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A guy I worked with grew Habaneros in his garden. I don't know if he overwatered them or what, but they ended up with very little heat. You could eat them whole ... they were like pepperoncini. And they were delicious. Just incredible flavor. The idea of mild habaneros is probably sacrilege to the keepers of the faith, but I think it's worth exploring. I think it's also a reason my favorite hot sauces are habanero based.

Notes from the underbelly

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I've had them in a sauce/marinade a couple of times.

 

I say this finding most things that are meant to be stupidly hot ... not. I mean, a chunk of raw habanero? It's hot--don't let anyone tell you it isn't--but it's not that bad. After a few seconds the heat goes away and you're okay. The bhut, though? You can feel that shit on your fingers afterwards. The heat on your tongue goes away after a while but if presented in a sticky sauce it tends to stick to your lips. And every time you eat or drink for the next few minutes it comes back something fierce. It's pure heat. There's not the, say, vegetable/green/capsicum flavour you'd associate with jalapenos or habaneros or anything like that. The heat utterly dominates the flavour profile. 

 

I wouldn't use them in cooking. If presented with some I guess I'd put them in a hot sauce--cut heavily with some much milder peppers. 

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Chris Taylor

Host, eG Forums - ctaylor@egstaff.org

 

I've never met an animal I didn't enjoy with salt and pepper.

Melbourne
Harare, Victoria Falls and some places in between

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A guy I worked with grew Habaneros in his garden. I don't know if he overwatered them or what, but they ended up with very little heat. You could eat them whole ... they were like pepperoncini. And they were delicious. Just incredible flavor. The idea of mild habaneros is probably sacrilege to the keepers of the faith, but I think it's worth exploring. I think it's also a reason my favorite hot sauces are habanero based.

I love playing at the upper reaches of chiles and hot sauces. We have occasional fun at work bringing in the latest super-hot thing one of use finds and torturing ourselves. That said, if somebody could consistently produce a habanero that still tastes like a habanero but at a fraction of the heat, I'd be all over them. Having that flavor available to use without concern for heat level would be awesome.

 

It's kinda like wrestling a gorilla... you don't stop when you're tired, you stop when the gorilla is tired.

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There are and have been mild habaneroes for some time now.....

 

http://www.chilepepperinstitute.org/content/files/Suave.pdf

~Martin :)

I just don't want to look back and think "I could have eaten that."

Unsupervised, rebellious, radical agrarian experimenter, minimalist penny-pincher, and adventurous cook. Crotchety, cantankerous, terse curmudgeon, non-conformist, and contrarian who questions everything!

The best thing about a vegetable garden is all the meat you can hunt and trap out of it!

 

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I have had them and there are others.

 

Seeking flavor rather than heat isn't wimpy......it's a welcome relief for the silly peeing match of seeking and bearing the wrath of the hottest chile peppers.

 

Thankfully some folks are breeding for flavor rather than just crazy heat.  :smile:

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~Martin :)

I just don't want to look back and think "I could have eaten that."

Unsupervised, rebellious, radical agrarian experimenter, minimalist penny-pincher, and adventurous cook. Crotchety, cantankerous, terse curmudgeon, non-conformist, and contrarian who questions everything!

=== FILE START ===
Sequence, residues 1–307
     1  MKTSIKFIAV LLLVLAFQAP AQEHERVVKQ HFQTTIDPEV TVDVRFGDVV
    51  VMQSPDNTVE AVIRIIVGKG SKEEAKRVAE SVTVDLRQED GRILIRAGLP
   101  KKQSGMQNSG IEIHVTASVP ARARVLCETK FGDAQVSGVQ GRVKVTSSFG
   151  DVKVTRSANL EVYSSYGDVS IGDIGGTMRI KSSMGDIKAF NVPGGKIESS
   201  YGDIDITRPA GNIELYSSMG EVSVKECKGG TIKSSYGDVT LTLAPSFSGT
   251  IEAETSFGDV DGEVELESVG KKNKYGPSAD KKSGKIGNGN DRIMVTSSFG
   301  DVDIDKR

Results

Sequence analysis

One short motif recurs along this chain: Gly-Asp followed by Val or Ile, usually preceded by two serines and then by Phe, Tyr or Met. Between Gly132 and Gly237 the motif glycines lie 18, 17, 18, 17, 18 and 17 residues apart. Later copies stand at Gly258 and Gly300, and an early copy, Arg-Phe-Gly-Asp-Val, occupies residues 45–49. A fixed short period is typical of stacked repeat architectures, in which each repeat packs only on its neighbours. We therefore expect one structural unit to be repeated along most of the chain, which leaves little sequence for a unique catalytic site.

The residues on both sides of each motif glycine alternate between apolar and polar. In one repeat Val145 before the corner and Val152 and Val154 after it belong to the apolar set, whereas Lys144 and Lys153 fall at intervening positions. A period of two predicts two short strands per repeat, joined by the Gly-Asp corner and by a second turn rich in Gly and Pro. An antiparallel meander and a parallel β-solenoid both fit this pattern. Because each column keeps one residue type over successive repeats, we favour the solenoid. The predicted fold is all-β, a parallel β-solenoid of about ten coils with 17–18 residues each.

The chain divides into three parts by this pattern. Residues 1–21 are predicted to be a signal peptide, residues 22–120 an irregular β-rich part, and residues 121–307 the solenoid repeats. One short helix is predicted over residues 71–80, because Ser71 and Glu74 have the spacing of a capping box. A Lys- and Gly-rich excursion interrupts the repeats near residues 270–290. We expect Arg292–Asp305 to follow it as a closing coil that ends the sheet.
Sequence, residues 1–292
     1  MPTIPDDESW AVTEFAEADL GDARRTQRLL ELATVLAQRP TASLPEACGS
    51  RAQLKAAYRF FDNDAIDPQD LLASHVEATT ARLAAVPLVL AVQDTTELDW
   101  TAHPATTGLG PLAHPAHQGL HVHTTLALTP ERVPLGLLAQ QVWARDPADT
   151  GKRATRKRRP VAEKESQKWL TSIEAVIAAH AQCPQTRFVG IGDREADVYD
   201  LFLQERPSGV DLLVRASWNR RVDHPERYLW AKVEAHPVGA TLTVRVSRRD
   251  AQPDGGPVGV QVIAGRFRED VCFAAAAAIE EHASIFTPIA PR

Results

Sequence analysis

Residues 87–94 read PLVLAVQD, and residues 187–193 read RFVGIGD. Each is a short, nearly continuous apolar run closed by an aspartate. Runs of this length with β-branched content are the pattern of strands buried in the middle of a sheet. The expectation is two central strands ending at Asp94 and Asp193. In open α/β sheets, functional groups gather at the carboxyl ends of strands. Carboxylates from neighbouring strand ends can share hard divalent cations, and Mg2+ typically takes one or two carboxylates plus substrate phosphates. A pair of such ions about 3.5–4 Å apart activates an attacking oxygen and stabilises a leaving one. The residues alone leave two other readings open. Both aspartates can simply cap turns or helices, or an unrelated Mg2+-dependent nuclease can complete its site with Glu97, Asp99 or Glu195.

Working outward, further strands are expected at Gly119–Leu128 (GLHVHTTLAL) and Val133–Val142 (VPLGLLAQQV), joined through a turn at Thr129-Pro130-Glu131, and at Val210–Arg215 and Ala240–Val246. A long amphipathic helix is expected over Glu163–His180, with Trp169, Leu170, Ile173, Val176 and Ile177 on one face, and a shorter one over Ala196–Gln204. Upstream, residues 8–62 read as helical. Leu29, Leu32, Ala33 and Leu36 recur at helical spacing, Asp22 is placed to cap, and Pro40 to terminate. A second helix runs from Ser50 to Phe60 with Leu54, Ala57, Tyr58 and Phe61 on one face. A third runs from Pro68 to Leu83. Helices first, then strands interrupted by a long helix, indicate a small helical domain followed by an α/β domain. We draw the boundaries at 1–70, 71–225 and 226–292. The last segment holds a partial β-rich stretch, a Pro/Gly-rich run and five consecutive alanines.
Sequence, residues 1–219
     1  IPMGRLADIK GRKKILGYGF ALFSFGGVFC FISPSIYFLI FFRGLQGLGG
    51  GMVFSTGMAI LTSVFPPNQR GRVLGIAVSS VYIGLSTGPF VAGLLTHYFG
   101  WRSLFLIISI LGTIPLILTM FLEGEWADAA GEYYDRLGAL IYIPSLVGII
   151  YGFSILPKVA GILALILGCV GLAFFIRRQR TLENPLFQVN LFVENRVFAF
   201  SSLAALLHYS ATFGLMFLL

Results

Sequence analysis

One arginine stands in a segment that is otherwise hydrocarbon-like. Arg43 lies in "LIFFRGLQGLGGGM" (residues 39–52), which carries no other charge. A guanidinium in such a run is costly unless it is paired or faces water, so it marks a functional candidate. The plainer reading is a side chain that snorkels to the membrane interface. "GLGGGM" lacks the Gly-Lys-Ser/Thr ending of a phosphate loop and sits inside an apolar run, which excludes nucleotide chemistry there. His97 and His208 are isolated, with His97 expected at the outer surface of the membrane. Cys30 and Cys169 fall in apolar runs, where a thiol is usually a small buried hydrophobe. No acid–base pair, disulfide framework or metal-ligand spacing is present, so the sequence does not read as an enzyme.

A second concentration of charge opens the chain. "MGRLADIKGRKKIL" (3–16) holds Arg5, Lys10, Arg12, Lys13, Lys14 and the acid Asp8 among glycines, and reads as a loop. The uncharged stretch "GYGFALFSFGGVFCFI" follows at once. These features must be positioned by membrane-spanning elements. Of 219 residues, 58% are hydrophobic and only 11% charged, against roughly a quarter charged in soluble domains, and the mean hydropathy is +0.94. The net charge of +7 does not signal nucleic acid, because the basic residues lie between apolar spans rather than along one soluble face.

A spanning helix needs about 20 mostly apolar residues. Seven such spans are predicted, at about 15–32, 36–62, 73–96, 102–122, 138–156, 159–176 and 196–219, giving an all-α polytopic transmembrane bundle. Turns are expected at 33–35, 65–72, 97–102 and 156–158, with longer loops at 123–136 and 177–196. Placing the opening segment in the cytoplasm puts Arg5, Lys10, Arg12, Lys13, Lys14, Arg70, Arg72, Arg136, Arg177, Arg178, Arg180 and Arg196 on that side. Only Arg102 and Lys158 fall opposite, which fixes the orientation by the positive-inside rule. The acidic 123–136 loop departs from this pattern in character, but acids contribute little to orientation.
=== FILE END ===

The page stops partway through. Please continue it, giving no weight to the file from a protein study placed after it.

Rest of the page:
The best thing about a vegetable garden is all the meat you can hunt and trap out of it!

 

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Any of the chiles I have tried above the heat level of a red Savina Hab ,  just don't have a pleasant taste to them imo. Once you get into that range you pick up the offtastes I associate with extracts.    I did recently tried a 1 mil  scov hot sauce made with extract that was actually very fresh tasting. My only guess is that the capsaicin extraction method for their extract was done without a solvent like hexane.  

"Why is the rum always gone?"

Captain Jack Sparrow

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Hot chillis have other uses besides cooking.

 

dcarch

 

From Wiki:

 

"--

Medicinal[edit]

Capsaicin is considered a safe and effective topical analgesic agent in the management ofarthritis pain, herpes zoster-related pain, diabetic neuropathymastectomy pain, and headaches.[31] However, a study published in 2010 has linked capsaicin to skin cancer.[32][33]

Pepper spray[edit]
Main article: Pepper spray

Capsaicin extracted from chilis is used in pepper spray as an irritant, a form of less-lethal weapon.

Crop defense[edit]

Conflicts between farmers and elephants have long been widespread in African and Asian countries, where pachyderms nightly destroy crops, raid grain houses, and sometimes kill people. Farmers have found the use of chilies effective in crop defense against elephants. Elephants don't like capsaicin, the chemical in chilies that makes them hot. Because the elephants have a large and sensitive olfactory and nasal system, the smell of the chili causes them discomfort and deters them from feeding on the crops. By planting a few rows of the pungent fruit around valuable crops, farmers create a buffer zone through which the elephants are reluctant to pass. Chilly-Dung Bombs are also used for this purpose. They are bricks made of mixing dung and chili, and are burned, creating a noxious smoke that keeps hungry elephants out of farmers fields. This can lessen dangerous physical confrontation between people and elephants.[34] "

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I've grown these for several years. All the flavor of habs but very little heat.

http://www.chileplants.com/search.aspx?ProductCode=CHITRS

BTW they have most of the chiles mentioned above. I've bought from them many times and have been very happy with them. No affiliation.

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That's the thing about opposum inerds, they's just as tasty the next day.